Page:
The Life Deliberate: We’ll Drink Coffee During the Revolution

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The Life Deliberate

We’ll Drink Coffee During the Revolution

by Anna Clark
illustration by One Neck

I ARRIVED at Boston’s Haley House in early 2005, expecting to stay five months. My lukewarm commitment testifies to my doubt that this place was for me. Back in Michigan, I had been restless, looking for something new and engaging to do with my life, and I imagined Haley House as a curious pitstop along the way. Nearly a year and a half later, I’m still here.

I’m still not great at describing it in 25 words or less, but here goes: Haley House is an intentional live-in community that engages with poverty and class in Boston. We draw from the Catholic Worker tradition: personalist approaches to real justice, eschewing charity. Embracing simplicity and unique approaches to spirituality. Together, we manage a small soup kitchen in the heart of Boston’s gentrified South End, as well as a food pantry, cloth- ing room, music jam sessions, and writing and culinary workshops. We have an organic farm an hour away, housing a second community, where we work regularly with guests from the kitchen. We run an affordable housing program in the South End and host the street magazine Whats Up.

During my first summer here, we expanded our bakery—which doubles as a job training program—into a full café in Dudley Square. It’s a fantastic space, colorful and supportive of local artists. Organic food is sold cheaply, making good food available to the people in Roxbury who typically don’t have the means to access it. Many people in the training program are just out of rehab or prison; upon completion of a six-month paid holistic training program, we support them in finding related employment.

See—I suck at explaining Haley House in a soundbite. It needs more words.

But the point is this: I came here uncertainly and I stayed because the house’s mission to break down boundaries between people who are typically isolated from each other—homeless men and South End professionals; immigrants and college students; me and you—resonated deeply with me.

Living and working in the same place is no joke. I detest waking up extraordinarily early on the mornings I work at breakfast. I’ve been surprised more than once to find one of the guests sleeping inside our door. Sometimes shutting the door to my room isn’t enough for me to get some peace. I’ll admit that I escape—I leave the house with nowhere to go, desperate to be somewhere else, to be alone. We eat the same food we serve, delivered to us from Boston’s Food Bank, and there are times when rummaging through the near-expired goods, or trying to come up with a new way to prepare kidney beans, makes me want to choose death first.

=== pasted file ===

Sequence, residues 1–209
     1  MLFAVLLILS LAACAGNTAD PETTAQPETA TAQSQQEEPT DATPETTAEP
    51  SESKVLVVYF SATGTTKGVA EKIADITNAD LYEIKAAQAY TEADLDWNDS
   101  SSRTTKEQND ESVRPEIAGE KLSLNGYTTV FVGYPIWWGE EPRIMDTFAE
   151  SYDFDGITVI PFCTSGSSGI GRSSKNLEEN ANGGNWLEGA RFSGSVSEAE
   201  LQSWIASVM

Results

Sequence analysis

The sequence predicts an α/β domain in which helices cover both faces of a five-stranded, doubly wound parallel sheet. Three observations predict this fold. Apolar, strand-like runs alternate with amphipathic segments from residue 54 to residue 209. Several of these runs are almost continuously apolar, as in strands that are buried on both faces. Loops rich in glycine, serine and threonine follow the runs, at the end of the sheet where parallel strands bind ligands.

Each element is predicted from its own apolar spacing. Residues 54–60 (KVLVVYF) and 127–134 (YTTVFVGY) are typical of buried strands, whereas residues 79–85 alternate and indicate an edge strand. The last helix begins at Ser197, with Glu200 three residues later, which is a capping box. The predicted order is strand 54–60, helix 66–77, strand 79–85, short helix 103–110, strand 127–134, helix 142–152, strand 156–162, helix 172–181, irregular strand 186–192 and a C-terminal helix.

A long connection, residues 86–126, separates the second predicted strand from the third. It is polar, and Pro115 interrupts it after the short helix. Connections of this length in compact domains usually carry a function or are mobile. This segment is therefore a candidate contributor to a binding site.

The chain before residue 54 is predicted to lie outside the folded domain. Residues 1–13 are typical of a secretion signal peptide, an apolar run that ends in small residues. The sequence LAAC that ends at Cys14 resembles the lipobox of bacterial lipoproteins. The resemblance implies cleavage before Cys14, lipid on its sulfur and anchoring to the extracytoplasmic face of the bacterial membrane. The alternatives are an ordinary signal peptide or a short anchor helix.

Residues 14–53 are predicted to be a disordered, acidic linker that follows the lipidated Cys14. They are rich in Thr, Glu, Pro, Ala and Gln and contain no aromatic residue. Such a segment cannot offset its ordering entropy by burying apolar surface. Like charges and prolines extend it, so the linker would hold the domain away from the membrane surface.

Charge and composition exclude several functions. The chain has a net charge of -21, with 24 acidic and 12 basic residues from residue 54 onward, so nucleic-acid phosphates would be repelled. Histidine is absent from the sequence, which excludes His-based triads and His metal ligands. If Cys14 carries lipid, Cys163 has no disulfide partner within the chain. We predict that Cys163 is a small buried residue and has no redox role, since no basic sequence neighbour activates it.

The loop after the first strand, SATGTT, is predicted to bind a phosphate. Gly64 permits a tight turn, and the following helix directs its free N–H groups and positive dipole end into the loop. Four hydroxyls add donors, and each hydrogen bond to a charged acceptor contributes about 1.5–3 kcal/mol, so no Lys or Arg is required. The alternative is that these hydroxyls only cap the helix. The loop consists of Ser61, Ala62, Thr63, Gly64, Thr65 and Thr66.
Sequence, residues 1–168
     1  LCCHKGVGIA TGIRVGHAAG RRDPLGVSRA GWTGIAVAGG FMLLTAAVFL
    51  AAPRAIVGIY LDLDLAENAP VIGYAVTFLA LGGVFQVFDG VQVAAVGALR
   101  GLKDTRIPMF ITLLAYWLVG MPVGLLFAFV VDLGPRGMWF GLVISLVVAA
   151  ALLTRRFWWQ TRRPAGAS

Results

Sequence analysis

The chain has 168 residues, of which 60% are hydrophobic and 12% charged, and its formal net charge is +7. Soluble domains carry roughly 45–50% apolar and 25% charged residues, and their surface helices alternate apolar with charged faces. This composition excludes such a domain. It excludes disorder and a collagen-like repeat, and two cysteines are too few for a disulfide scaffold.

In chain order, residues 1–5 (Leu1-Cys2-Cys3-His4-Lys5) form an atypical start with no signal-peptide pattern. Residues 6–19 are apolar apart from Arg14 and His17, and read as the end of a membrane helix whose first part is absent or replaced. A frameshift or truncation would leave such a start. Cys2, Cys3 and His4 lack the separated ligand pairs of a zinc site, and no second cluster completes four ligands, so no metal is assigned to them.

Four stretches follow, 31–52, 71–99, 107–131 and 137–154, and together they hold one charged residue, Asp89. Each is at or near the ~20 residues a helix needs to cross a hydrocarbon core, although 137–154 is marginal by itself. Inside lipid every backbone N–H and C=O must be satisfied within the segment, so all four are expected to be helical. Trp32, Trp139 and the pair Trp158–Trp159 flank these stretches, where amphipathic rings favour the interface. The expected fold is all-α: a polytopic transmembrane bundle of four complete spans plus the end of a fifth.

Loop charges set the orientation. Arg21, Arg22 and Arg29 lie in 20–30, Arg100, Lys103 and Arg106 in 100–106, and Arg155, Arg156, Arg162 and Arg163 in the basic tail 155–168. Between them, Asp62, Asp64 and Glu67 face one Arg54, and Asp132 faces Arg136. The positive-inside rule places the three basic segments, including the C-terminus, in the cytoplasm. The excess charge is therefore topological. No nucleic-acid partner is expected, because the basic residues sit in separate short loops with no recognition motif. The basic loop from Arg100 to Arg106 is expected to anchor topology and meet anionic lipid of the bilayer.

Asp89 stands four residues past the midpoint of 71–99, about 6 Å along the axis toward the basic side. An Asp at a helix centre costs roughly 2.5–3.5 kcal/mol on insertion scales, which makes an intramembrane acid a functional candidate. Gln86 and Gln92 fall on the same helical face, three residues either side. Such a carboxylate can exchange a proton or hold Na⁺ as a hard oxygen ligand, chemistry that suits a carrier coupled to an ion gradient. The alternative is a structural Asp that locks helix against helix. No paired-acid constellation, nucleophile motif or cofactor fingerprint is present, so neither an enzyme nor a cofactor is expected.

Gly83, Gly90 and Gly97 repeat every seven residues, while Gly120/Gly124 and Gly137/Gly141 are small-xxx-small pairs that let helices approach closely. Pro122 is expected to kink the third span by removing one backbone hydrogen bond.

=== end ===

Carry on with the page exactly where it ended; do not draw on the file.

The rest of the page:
But despite this, it comes down to the smaller moments. For me, it all comes back to the coffee.

Last summer, my housemates and I were recruited for a coffee taste-test. While our old storefront bakery had served Equal Exchange, the opening of the new café offered the opportunity to try new fair-trade brands. So I had the welcome task of drawing my chair out to the brick sidewalk one morning with Adam and Ali, sitting in the sun, and declaring whether we preferred Cup 1 or Cup 2, and to offer a couple of adjectives to capture the taste. An Equal Exchange rep was there to help with the test. So while the three of us were chatting it up, we asked the rep about what the hell fair trade really means, and whether all fair trade is the same, and why she was personally involved. A couple people we know from our kitchen, Bethany and John-Paul, happened upon us, and they pulled out chairs to participate in the taste test.

And it was just a morning of sun, and coffee, and me and my friends.

This morning happened to occur at the five-month mark—that is, when I’d initially planned on moving on to my “real” life. But that morning captured why I wasn’t ready to leave.

Here, unexpectedly, in my own home, I had a chance to learn about fair trade from a woman who works on the inside.

Here, people are engaged in creative activism—creating alternative possibilities for a just world, rather than merely resisting what’s out there (though resistance certainly has an important place).

Here, communities are created, and not just on one side of the kitchen counter—my housemates, all of us from relatively privileged backgrounds, have space to connect with people we’d otherwise never know.

While many of us feel crushed by the weight of all the suffering in the world, why would I not dig into a space with so many possibilities? So many friends? So much good coffee?

Anna Clark reports that Haley House Bakery Café ended up choosing Equal Exchange coffee after all, and serves it at affordable prices. For more information about Haley House, check out haleyhouse.org. For more information about Whats Up Magazine, check out whatsupmagazine.org.

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